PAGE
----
The Devil All the Time (2020) Review

Paintings, novels and sculptures are regularly referred to as art, whereas film is often called entertainment. While it’s true that film is home to a lot of disposable content, it shouldn’t be discounted just how powerful the art of filmmaking can be. A single page from a novel can use 1000 words to describe an important moment, but a single frame can convey that same important moment plus so much more. This is how we get emotionally rich and artistically layered films like the Shawshank Redemption (1994), Dead Man Walking (1995), The Green Mile (1999), Mystic River (2003), No Country for Old Men (2007) and There Will Be Blood (2007). You know immediately when you’re watching a film like this and it causes you to adjust your expectations. This means that new films like The Devil All the Time (2020) always have an incredibly high bar to clear.

Bill Skarsgård and Michael Banks Repeta as Willard Russell as Young Arvin.

After WWII, Willard Russell (Bill Skarsgård) has returned to Knockemstiff, Ohio and meets the love of his life, Charlotte (Haley Bennett). After experiencing some truly horrifying violence, Willard’s Christian beliefs begin to change in unimaginable ways. His teachings have deeply effected his young son Arvin (Tom Holland), who grows up to be a self-loathing reflection of his father. Arvin eventually comes to live with his Grandma and Uncle, who are also looking after the orphaned and deeply religious Lenora (Eliza Scanlen). Arvin and Lenora form a close sibling bond, which gets complicated when a shady new preacher, Reverend Preston Teagardin (Robert Pattinson) comes to town. Meanwhile, A strange couple, Carl and Sandy Henderson (Jason Clarke and Riley Keough) spend their time driving around the countryside and leave a trail of missing people behind them. Sandy’s brother, Sheriff Lee Bodecker (Sebastian Stan) turns a blind eye to his sister’s actions, as any acknowledgment of it may get in the way of his political progression.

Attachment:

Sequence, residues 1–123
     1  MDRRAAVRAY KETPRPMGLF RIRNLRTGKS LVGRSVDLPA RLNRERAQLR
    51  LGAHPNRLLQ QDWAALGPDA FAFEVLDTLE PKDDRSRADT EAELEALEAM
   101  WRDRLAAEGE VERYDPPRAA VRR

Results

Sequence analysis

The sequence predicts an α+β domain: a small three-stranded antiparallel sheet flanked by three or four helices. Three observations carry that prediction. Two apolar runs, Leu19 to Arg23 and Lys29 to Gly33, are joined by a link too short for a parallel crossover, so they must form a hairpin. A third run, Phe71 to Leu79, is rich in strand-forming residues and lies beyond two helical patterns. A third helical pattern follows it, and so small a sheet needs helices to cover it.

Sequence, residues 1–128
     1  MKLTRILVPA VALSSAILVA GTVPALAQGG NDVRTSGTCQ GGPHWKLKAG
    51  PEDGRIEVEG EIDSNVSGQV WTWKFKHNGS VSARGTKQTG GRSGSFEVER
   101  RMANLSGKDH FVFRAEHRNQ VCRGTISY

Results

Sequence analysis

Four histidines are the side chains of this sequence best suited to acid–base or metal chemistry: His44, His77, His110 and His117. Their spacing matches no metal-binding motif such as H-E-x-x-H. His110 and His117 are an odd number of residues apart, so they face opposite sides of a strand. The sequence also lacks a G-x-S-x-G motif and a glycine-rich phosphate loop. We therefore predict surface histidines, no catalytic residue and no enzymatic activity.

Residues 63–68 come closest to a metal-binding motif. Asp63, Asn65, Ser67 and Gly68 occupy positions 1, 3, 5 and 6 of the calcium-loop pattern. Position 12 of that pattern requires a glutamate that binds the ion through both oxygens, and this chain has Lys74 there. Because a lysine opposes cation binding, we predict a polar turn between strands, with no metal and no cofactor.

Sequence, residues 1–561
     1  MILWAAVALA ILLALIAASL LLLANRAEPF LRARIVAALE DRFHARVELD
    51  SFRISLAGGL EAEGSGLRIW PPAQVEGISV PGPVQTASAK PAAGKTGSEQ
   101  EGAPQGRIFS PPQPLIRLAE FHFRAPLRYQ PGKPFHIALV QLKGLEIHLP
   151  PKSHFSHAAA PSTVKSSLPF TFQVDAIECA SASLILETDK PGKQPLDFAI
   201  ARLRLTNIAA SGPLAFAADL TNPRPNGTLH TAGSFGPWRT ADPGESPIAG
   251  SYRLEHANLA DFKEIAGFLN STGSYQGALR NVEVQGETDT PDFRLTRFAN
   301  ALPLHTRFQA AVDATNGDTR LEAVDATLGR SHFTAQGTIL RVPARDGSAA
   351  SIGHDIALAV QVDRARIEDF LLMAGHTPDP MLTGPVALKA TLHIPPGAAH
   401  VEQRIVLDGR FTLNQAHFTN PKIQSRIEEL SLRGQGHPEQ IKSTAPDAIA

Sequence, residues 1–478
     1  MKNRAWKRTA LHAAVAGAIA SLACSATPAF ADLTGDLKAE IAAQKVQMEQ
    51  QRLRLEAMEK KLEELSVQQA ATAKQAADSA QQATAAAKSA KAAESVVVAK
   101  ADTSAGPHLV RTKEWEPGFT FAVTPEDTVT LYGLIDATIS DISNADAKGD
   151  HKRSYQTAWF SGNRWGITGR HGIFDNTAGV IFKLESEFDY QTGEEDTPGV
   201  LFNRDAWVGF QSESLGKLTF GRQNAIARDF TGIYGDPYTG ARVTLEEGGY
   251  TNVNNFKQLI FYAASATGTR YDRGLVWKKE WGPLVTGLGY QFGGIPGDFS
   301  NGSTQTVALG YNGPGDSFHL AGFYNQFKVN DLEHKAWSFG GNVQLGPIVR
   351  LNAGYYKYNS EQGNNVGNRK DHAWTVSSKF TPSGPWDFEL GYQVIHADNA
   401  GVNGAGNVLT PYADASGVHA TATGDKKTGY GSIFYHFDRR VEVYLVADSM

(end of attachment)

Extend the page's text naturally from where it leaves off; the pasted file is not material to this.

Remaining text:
Even if the viewer wasn’t aware that this is based off a novel by Donald Ray Pollock, it would be pretty apparent just from the sheer number of characters and subplots. Whereas most filmmakers try to take the source novel and turn it into a film, Director Antonio Campos and co-writer Paulo Campos have tried to take cinema and turn it into the source novel. The narrative shifts its focus from one plot thread to the next, giving equal time and attention to every character and storyline. It’s uncommon for filmmakers to sacrifice cinema’s streamlined structure in favour of the omniscient perspective of a novel, but it’s an admirably brave choice. It’s arguably appropriate and has thematic purpose, as all the narrative threads want to examine belief in a higher power who can see and hear all.

Jason Clarke and Riley Keough as Carl and Sandy Henderson.

The extreme third-person point of view does cause some of the more significant moments to lose their impact. The narrative takes place between 1945 to 1965, so we essentially follow the entire lives of our characters. We get to see all the most heartbreaking and shocking moments in the order they happened. This does a good job of informing us about the characters struggles and their emotional state of mind, but knowing everything all the time does rob the narrative of any intrigue it could’ve had. The audience is usually five steps ahead of the characters, so we are left waiting from them to catch up with us. This isn’t to say that a viewer should never know more than the characters, but giving the viewer omniscience doesn’t completely work in this case. This isn’t helped by Donald Ray Pollock’s narration, which often just tells us things we have already figured out.